Know your strengths. We are all good at something, and it feels good to have victories! To boost up your confidence, participate in activities or projects where the odds of success are fairly high. Overtime you will feel ready to take on increasingly challenging projects.
Starting something new is scary. Learning to believe in yourself can be a critical precursor to starting a new initiative. Why is it so important to learn to believe in yourself? How can someone work on gaining these skills? In this interview series, we are talking to business leaders, authors, writers, coaches, medical professionals, teachers, to share empowering insights about “How To Learn To Believe In Yourself.” As a part of this series we had the pleasure of interviewing Dr. Jessica Turner.
Dr. Jessica Turner is a board certified psychiatrist working in private practice. She completed her mental health training at Brown University where she gained expertise in treating depression, anxiety and other mental health conditions. Dr. Turner has a special interest in working with women and addressing their unique experiences.
Thank you so much for joining us in this interview series! Before we dive into the main focus of our interview, our readers would love to “get to know you” a bit better. Can you tell us a bit about your childhood backstory?
I grew up in the South, where I was an only child for 11 years. Later, my family grew and I now have 6 brothers!
What or who inspired you to pursue your career? We’d love to hear the story.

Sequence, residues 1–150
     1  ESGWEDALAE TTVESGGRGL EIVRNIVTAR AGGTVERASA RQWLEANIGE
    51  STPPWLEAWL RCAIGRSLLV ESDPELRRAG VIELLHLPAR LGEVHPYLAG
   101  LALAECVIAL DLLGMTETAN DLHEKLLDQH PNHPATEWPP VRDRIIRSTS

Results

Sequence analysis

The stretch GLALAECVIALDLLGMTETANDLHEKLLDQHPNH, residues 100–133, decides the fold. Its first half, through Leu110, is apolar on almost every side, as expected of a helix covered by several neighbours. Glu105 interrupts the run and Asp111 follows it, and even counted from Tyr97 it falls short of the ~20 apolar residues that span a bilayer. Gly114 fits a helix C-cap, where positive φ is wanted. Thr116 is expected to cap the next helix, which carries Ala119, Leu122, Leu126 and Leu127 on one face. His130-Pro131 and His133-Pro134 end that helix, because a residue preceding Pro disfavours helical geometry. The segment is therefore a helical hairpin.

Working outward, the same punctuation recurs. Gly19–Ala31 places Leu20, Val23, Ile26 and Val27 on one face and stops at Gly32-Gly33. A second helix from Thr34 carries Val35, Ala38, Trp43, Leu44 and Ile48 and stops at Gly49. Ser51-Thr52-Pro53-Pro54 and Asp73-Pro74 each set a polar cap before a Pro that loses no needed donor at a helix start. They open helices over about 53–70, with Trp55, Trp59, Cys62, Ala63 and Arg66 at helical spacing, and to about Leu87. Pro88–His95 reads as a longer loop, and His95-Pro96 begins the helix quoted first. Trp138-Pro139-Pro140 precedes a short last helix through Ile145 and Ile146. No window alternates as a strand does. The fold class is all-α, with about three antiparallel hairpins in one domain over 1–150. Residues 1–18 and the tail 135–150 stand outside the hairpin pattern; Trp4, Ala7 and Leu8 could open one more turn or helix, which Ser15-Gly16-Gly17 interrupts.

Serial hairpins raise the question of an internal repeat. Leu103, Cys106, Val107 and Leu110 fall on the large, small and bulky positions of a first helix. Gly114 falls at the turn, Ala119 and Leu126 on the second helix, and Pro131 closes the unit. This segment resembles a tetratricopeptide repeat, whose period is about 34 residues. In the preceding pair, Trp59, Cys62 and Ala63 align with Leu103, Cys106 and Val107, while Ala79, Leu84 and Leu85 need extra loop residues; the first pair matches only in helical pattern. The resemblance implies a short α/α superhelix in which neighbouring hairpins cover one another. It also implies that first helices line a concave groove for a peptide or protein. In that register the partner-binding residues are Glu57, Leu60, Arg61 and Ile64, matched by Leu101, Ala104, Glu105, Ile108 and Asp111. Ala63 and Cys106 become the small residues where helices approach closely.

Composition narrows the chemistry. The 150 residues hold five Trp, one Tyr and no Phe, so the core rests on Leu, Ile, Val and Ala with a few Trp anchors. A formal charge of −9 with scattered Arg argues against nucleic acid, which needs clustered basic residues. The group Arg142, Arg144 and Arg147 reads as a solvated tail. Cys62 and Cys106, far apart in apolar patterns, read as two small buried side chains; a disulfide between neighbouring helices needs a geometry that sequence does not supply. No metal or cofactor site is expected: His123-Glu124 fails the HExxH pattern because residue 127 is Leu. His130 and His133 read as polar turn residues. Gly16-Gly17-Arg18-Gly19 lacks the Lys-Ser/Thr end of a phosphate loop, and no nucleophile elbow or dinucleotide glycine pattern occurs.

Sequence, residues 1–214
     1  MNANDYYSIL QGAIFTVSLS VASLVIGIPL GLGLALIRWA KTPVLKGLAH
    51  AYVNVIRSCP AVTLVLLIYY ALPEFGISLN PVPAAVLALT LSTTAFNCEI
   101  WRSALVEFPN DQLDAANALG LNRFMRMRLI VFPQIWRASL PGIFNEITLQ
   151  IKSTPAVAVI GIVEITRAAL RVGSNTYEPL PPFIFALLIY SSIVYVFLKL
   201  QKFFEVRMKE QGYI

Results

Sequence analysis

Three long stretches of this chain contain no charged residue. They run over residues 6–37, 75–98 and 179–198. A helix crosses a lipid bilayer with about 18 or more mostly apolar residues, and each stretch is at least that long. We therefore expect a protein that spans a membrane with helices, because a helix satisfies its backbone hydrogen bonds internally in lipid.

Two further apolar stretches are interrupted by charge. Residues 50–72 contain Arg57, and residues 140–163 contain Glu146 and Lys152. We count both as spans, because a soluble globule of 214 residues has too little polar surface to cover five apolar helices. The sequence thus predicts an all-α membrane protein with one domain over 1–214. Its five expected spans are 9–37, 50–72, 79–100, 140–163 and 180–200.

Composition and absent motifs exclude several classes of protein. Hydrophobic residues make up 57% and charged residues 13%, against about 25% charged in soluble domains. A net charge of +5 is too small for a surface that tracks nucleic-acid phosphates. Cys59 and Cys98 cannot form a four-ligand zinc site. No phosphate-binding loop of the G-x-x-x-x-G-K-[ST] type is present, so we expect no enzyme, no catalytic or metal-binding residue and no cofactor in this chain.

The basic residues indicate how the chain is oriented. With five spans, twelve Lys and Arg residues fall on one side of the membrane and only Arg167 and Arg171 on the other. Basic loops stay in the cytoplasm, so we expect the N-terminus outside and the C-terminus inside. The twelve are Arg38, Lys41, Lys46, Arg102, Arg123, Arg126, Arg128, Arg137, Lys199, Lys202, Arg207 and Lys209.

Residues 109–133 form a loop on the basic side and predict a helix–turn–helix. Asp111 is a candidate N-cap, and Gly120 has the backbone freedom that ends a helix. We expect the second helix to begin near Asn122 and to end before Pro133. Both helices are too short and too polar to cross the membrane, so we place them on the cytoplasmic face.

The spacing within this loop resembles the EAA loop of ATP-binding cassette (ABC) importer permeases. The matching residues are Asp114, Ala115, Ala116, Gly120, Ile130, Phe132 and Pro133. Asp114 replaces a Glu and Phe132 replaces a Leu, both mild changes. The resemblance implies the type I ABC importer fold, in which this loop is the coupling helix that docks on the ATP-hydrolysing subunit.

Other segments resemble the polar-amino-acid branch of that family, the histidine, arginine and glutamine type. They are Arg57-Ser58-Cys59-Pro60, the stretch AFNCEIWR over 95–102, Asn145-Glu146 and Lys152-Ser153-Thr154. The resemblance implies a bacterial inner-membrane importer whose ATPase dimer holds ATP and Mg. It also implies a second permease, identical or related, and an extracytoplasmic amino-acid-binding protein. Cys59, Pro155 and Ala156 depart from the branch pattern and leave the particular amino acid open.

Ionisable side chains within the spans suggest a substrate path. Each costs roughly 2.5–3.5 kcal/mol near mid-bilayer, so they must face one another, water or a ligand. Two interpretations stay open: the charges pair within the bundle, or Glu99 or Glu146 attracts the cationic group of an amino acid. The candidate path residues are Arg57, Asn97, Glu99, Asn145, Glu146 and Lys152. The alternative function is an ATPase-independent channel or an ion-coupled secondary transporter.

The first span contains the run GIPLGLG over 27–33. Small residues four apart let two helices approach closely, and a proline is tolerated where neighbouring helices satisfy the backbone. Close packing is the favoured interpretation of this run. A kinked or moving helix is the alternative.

As teen parents, my parents had every obstacle in front of them, and yet they persevered and set a great example for me. I was fortunate to grow up in a home where the idea of “hard work pays off” was fully embraced. Both of my parents put themselves through college, though it took many years to graduate due to needing to balance school, work and childcare. Their work ethic taught me to set goals and go for them! I always knew that I wanted to be a doctor, and I started working towards this goal at a young age. I am now a practicing physician in the field of psychiatry.
It has been said that our mistakes can be our greatest teachers. Can you share a story about the funniest mistake you made when you were first starting? Can you tell us what lesson you learned from that?
Growing up, I was always more of an academic, but I thought joining a school athletic team would be a fun way to become more involved outside of the classroom. I was never a star athlete, and when I arrived to the try outs, I quickly realized that I was in over my head. The other girls were beyond experienced and prepared! Needless to say, I did NOT make the team. Though disappointed, I learned a valuable lesson about the importance of preparation. I later researched the skills needed to be successful, and I spent the next year practicing. The following year I made the team! Going forward I made sure to always fully prepare for my endeavors.
What are some of the most interesting or exciting projects you are working on now? How do you think that might help people?
I’ve been practicing in the field of mental health for years; however I recently started my own private practice. I am so excited to continue working with people to better their lives.